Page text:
CONCORD, N.H. - Republican rivals ganged up on front- runner Mitt Romney in a nationally televised debate yesterday, their last high-profile chance to challenge his lead in New Hampshire and slow his momentum toward the nomination. "Pious baloney," one candidate sneered at Romney.
Romney appeared to brush off the attacks, but there were signs of restlessness in the notoriously fickle state as one poll showed his support slipping for the fourth straight day, Rep. Ron Paul of Texas still far behind but gaining, and former Gov. Jon Huntsman of Utah moving from obscurity into third place.
The tracking poll by Suffolk University/7 News showed the former Massachusetts governor with the support of 35 percent of likely voters, Paul with 20 percent, Huntsman with 11 percent, former House Speaker Newt Gingrich with 9 percent, former Sen. Rick Santorum with 8 percent and Gov. Rick Perry of Texas with 1 percent. Fifteen percent were undecided.
"It's a New Hampshire primary, it's January, and here we go again," David Paleologos, director of the Suffolk University Political Research Center, said. "Romney's strategy of running out the clock is costing him margin, Huntsman is still fighting hard and beginning to rally, and New Hampshire is playing contrarian to Rick Santorum, the Iowa Caucus star of a week ago, who has dropped to fifth place."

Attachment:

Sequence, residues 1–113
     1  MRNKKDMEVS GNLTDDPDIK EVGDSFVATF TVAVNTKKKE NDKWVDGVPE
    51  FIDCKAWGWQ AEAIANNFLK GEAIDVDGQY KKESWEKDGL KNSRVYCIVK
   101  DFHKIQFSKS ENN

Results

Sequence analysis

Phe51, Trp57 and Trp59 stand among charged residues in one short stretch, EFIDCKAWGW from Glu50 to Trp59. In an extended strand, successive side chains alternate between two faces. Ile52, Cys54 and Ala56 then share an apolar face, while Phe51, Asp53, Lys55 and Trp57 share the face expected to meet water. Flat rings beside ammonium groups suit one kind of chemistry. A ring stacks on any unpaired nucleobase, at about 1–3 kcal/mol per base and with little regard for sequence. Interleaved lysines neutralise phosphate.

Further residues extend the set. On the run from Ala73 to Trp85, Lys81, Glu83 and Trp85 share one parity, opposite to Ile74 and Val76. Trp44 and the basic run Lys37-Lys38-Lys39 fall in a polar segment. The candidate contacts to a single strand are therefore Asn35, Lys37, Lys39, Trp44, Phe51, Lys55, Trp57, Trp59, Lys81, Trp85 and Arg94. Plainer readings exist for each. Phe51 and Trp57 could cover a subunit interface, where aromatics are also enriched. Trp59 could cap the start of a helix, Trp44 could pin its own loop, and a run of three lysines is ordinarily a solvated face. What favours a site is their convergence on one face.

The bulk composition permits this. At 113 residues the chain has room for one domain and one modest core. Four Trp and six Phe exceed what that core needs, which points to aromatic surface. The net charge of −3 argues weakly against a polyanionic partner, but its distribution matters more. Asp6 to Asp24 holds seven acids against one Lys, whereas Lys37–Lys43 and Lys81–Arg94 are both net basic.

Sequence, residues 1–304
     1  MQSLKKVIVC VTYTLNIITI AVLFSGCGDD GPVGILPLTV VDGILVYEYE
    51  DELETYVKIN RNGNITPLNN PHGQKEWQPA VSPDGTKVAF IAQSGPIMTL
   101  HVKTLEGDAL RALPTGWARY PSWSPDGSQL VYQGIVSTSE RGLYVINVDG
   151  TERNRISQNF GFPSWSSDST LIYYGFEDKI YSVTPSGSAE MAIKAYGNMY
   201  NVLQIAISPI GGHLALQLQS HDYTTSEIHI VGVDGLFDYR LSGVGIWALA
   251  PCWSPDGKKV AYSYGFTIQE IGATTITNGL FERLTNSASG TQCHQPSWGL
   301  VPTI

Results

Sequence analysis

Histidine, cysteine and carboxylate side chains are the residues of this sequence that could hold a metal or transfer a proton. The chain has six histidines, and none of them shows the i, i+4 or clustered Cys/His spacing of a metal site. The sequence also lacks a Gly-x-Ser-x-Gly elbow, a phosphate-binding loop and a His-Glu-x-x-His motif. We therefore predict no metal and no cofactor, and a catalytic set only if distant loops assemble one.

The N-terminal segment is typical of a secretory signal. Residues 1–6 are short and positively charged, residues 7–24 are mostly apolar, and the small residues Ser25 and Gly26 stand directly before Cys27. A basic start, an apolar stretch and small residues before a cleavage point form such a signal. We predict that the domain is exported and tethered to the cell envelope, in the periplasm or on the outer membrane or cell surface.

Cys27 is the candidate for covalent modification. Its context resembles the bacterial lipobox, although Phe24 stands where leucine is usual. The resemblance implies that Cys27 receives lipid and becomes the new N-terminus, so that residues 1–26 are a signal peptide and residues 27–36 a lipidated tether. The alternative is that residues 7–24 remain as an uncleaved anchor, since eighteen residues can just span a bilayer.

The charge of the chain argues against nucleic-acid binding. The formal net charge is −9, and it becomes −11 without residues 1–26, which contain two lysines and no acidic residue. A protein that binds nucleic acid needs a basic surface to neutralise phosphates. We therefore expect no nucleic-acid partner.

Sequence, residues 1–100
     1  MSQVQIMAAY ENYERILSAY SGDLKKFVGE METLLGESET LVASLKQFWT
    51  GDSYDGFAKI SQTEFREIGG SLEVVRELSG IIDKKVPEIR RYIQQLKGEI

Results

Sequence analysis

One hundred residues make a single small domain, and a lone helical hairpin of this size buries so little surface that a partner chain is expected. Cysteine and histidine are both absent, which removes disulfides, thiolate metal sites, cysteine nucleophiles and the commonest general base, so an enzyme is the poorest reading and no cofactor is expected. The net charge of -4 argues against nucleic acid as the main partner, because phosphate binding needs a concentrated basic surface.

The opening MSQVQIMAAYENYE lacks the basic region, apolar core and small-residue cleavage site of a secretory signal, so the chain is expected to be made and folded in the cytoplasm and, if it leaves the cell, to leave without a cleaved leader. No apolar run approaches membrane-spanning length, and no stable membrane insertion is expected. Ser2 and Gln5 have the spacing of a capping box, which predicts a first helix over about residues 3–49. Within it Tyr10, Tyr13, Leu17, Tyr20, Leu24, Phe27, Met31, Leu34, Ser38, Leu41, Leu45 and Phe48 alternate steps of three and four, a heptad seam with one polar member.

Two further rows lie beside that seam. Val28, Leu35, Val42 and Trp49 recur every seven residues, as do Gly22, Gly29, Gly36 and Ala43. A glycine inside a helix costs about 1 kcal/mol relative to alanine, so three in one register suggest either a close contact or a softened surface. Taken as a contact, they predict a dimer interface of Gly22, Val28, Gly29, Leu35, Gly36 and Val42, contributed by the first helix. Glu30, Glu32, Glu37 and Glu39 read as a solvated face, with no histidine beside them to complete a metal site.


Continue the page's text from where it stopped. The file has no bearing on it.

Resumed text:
The poll came out as the six top candidates squared off yesterday morning for the second time in two days.
While Paul again largely did not take on Romney, the three candidates jockeying for third place took turns bashing the former governor with a zeal not seen in the previous 14 debates.
Gingrich unleashed his most pointed indictment of Romney yet, saying he was a poor governor with a moderate record who would be a weak standard-bearer for the Republicans against President Barack Obama.
"President Obama is going to have a very hard re-election effort. But I do think the bigger the contrast, the bolder ideas, the clearer the choice, the harder it is for that billion-dollar campaign to smear his way back into office," Gingrich said.
Romney, he said, "will have a very hard time getting . . . elected."
Romney defended his record, saying he cut taxes 19 times in his one term as governor, balanced the budget, created a $2 billion rainy-day fund and created jobs.
He also said he's a stronger candidate because he's not a career politician, just a public-minded businessman who has sought office only when he thought he could help.
"I went to Massachusetts to make a difference. I didn't go there to begin a political career, running time and time again," he said. "I was trying to help get the state into the best shape as I possibly could, left the world of politics, went back into business."
"Can we drop a little bit of the pious baloney?" Gingrich snapped back. "You have been running consistently for years and years and years."
Santorum also jumped in, saying Romney ran his first campaign as a liberal against Sen. Edward Kennedy, lost, and then stepped down after his one term as governor only because he would have lost had he run for re-election.
"If his record was so great as governor of Massachusetts, why didn't he run for re-election? I mean, if you didn't want to even stand before the people of Massachusetts and run on your record, if it was that great, why did you bail out?" Santorum said.
"Romney responded that he did not criticize Huntsman for agreeing when Obama asked him to be ambassador. However, Romney said, Huntsman's service under Obama, plus comments praising Obama, disqualify him as the Republican alternative.